Even the utmost grade deposits have less than 1% uranium. So vast amounts of ore have to be processed to obtain useful quantities of the uranium. The leftover ‘waste’ rock is known tailings. In the course of processing it is crushed to a well powder, which is nearly as radioactive as the uranium itself. It is perilous for more than 250,000 years, which might as well be eternally. These tailings need to be secluded from the environment to avoid a cancer epidemic, and there are previously more than 50 million tonnes of uranium tailings on Australian soil.
As uranium emanates radiation; it transforms itself into a novel element, which in turn emanates radiation and decays, and so on through 14 steps until it ultimately – after hundreds of thousands of years – becomes a stable type of non-radioactive lead. One of the elements along the way is radon, a radioactive gas which can travel for hundreds of kilometres prior to decaying. Mine workers and others who breathe in this gas risk mounting lung cancer and other kinds of lung disease
Uranium mining pollutes the air, water and earth with radioactive chemicals and heavy metals which can never be well cleaned up. In addition to the radiation hazard, mining is also related with poisonous process chemicals, heavy metals and the use of vast quantities of water. In the short term, uranium mine sites ruin the ecology of the local region; in the long term, they pose a risk to a much wider area.
The health risks of uranium mining are by now fairly well known, although still belligerently disputed by the mining industry. Collectively, uranium miners suffer the maximum radiation doses of all workers in the nuclear fuel chain. The major problems are inhalation of dust and radon gas, which leave alpha radiation emitters lodged in the body where they can do the majority harm. As the pollution from the mines spread away from the minesite, local people are also out in the open to contamination. While uranium mining is most usually allied with cancer, low level radiation is also mixed up in birth fault, high infant mortality and chronic lung, eye, skin and reproductive illnesses.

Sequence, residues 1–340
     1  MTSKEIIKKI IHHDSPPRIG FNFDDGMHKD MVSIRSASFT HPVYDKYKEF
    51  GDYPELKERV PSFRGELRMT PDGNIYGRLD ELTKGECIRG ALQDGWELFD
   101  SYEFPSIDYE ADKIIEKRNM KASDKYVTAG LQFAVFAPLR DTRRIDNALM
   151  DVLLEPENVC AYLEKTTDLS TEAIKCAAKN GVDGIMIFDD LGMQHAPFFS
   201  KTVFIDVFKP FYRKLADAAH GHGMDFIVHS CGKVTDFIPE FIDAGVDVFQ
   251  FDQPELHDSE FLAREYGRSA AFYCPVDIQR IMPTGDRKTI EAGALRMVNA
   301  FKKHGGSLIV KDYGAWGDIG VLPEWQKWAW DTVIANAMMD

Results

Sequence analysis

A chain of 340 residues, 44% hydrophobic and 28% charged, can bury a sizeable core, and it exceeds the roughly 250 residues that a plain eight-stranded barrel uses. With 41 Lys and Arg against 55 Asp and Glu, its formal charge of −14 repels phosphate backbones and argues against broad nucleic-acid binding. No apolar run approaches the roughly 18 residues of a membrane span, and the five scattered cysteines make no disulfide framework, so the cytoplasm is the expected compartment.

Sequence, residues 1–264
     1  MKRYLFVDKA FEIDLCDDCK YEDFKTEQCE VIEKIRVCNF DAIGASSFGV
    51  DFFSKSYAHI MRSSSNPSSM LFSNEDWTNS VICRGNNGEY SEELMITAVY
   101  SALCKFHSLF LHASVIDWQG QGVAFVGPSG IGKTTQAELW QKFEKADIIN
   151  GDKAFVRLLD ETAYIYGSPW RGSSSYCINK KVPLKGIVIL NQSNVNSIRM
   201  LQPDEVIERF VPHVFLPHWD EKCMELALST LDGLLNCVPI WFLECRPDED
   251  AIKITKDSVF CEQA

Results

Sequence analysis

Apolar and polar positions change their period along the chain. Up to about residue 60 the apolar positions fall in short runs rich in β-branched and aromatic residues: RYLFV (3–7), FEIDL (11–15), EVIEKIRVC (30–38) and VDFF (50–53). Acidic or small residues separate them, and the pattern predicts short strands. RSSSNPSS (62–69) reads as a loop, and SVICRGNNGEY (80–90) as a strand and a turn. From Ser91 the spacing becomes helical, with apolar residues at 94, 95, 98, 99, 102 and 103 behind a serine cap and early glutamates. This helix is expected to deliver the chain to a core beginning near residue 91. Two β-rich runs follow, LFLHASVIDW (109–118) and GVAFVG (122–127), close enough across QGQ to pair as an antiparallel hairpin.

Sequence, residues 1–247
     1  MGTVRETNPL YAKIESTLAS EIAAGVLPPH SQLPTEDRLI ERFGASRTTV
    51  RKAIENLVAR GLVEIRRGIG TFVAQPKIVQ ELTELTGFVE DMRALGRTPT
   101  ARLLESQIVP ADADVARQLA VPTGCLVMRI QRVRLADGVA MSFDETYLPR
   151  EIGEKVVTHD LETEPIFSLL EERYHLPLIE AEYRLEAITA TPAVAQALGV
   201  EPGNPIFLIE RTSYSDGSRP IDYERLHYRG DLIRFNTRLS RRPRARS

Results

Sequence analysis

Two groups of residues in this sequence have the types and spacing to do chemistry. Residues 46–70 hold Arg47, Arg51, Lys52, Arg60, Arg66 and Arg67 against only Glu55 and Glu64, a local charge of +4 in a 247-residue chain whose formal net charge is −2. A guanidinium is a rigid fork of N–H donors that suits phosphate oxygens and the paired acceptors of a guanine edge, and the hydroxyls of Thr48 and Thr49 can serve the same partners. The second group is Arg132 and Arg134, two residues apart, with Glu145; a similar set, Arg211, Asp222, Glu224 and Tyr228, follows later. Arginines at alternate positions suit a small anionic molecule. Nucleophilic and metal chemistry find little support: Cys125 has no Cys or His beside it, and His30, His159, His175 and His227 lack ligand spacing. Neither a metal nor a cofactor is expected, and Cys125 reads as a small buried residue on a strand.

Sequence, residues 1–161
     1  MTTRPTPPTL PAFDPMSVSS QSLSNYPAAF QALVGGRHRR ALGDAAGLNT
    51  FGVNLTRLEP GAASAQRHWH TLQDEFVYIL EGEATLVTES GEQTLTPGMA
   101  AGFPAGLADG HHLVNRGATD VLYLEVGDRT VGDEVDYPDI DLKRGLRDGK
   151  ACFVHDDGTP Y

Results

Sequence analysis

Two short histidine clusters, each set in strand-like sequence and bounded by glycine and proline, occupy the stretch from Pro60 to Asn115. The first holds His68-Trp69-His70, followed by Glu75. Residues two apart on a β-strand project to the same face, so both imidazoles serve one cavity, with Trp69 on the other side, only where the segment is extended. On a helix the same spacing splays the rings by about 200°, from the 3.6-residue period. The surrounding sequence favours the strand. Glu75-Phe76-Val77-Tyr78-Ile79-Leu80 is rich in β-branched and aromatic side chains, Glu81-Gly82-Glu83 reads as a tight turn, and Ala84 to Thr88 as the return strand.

There is a vast amount of high level nuclear waste still being spewed out by reactors round the world and there is nowhere safe to put it. Pangea Resources actually has a plan to bring many of this waste into Australia. Nuclear power stations create this waste as fraction of normal operations; but there are also risks of reactor accidents; the explosion at Chernobyl in 1986 killed a lot of people, spread nuclear pollution right around the planet and forced the enduring evacuation of the surrounding area.
While the mining companies do not like to confess it, nuclear power is a military technology designed to make plutonium for nuclear weapons. Thousands of these weapons are still on hairtrigger alert ten further than ten years after the Cold War, and they are spreading gradually to new countries.
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